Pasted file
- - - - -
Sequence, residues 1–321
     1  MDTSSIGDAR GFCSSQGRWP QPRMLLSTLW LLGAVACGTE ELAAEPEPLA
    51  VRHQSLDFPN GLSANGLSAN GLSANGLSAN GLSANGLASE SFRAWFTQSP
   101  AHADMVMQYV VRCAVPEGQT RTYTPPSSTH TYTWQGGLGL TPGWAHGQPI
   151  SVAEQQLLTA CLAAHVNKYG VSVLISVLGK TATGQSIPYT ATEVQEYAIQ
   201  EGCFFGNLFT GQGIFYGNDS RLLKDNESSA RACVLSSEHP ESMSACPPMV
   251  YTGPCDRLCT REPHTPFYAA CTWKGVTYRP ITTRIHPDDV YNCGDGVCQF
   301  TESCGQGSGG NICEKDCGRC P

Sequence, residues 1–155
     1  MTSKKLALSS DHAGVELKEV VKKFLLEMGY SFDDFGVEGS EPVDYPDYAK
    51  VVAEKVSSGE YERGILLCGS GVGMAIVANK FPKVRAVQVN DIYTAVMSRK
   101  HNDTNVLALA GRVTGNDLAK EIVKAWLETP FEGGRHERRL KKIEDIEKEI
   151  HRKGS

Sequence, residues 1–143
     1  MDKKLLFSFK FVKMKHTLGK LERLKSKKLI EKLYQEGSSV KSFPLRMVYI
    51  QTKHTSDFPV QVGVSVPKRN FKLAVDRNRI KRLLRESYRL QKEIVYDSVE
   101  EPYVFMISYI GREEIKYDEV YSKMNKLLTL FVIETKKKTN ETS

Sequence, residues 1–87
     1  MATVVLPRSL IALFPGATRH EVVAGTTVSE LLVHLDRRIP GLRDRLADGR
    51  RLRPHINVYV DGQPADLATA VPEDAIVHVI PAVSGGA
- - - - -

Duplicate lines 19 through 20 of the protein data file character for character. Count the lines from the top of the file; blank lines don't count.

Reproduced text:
     1  MATVVLPRSL IALFPGATRH EVVAGTTVSE LLVHLDRRIP GLRDRLADGR
    51  RLRPHINVYV DGQPADLATA VPEDAIVHVI PAVSGGA